Many look as if they had packed for a week-long hike in the wilderness – bulging backpacks, lunch bags and water bottles, jackets and tennis shoes…
Their footsteps or their bicycle rides lead not to recreation, but to school. Journeys that are presumed to be safe are fraught with hazards when wandering minds and commuting traffic merge.
As Idaho’s children return to school this fall, motorists are urged to use caution, especially when driving along any school route or passing through designated school zones. With the excitement of school, children often are unaware of the dangers posed traffic.
The Idaho Transportation Department joins the Idaho Department of Education, school districts and parent organizations throughout the state in urging motorists to watch for children crossing streets and roads, and reminds drivers to observe traffic laws related to school buses.
“Until about age 10, most kids haven’t developed the skills to safely cope with traffic,” said Greg Fredericksen of ITD’s Office of Traffic and Highway Safety. “They typically act on impulse, they can’t judge car speed very well, and they assume that if they see you in a car, you can see them.”
Children mistakenly believe that cars can stop instantly for them, Fredericksen added.
In Idaho, 76 kids between the ages of 4 and 14 were involved in pedestrian-car crashes during 2004, 18 more than the previous year. Nearly one third (31 percent) of pedestrians killed were in that same age group.
Motorists must stop when approaching a school bus that is stopped to pick up or deliver school children if the bus displays flashing signals.
On a two-lane road, both following and oncoming traffic must stop and remain stopped as long as the red lights are flashing and/or the stop arm on the left side of the bus is extended.
On a highway with two or more lanes of traffic traveling in each direction, oncoming traffic is not required to stop when meeting a school bus. However, motorists still are urged to watch for children crossing traffic lanes while on their way to or from the bus.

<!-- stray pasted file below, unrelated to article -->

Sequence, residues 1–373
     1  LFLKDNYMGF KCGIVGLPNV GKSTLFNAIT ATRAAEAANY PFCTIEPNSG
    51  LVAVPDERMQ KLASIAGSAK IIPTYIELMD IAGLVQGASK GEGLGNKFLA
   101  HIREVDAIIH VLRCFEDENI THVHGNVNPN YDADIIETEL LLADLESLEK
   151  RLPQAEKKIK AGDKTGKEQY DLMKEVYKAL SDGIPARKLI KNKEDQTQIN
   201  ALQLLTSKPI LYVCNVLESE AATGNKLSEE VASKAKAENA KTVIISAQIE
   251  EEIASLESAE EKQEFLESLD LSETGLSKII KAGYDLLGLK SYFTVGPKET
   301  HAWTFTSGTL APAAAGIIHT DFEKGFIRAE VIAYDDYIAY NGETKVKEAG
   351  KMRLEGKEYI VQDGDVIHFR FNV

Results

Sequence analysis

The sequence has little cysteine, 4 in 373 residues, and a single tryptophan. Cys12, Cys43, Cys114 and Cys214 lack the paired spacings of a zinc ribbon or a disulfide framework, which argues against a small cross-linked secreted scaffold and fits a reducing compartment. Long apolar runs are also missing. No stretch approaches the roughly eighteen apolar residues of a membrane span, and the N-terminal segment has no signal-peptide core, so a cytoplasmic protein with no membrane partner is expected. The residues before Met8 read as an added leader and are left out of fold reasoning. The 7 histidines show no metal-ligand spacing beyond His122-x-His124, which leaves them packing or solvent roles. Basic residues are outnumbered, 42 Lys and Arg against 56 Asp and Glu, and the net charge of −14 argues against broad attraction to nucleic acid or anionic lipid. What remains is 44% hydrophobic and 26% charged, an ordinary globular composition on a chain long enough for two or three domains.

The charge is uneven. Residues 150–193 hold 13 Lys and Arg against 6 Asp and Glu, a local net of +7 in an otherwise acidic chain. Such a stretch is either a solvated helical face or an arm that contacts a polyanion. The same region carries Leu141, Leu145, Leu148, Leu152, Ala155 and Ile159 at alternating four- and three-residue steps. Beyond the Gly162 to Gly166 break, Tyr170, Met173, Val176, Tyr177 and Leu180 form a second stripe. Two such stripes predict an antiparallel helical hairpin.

Drivers also should use caution when traveling through school zones or near routes used by children and should observe school speed limits and the instructions of crossing guards.
Many Idaho school zones are identified by flashing yellow lights, and usually impose a speed limit of 20 miles per hour. School crossings are identified by warning signs (see accompanying image).
For children who ride school buses
School bus transportation is one of the safest forms of transportation in the United States, according to the U.S. Department of Transportation’s National Highway Traffic Safety Administration. Every year, the nation’s 450,000 public school buses travel more than 4.3 billion miles to transport 23.5 million children to and from school and school-related activities. Students are nearly eight times safer riding in a school bus than in cars. The fatality rate for school buses is 0.2 fatalities per 100 million vehicle miles traveled (VMT), compared to 1.5 per 100 million VMT for cars.
For children who walk or bicycle to school
Parents can help reduce traffic congestion in school zones by parking their vehicles and walking with their child to school. Walking or bicycling to school also reduces unnecessary air pollution.
The National Safety Council also suggests that parents review with their children the correct way to cross a street.
Safety tips to share with your kids
For more safety tips, visit: http://www.nhtsa.dot.gov/people/outreach/KidsPage/bussafety/index.html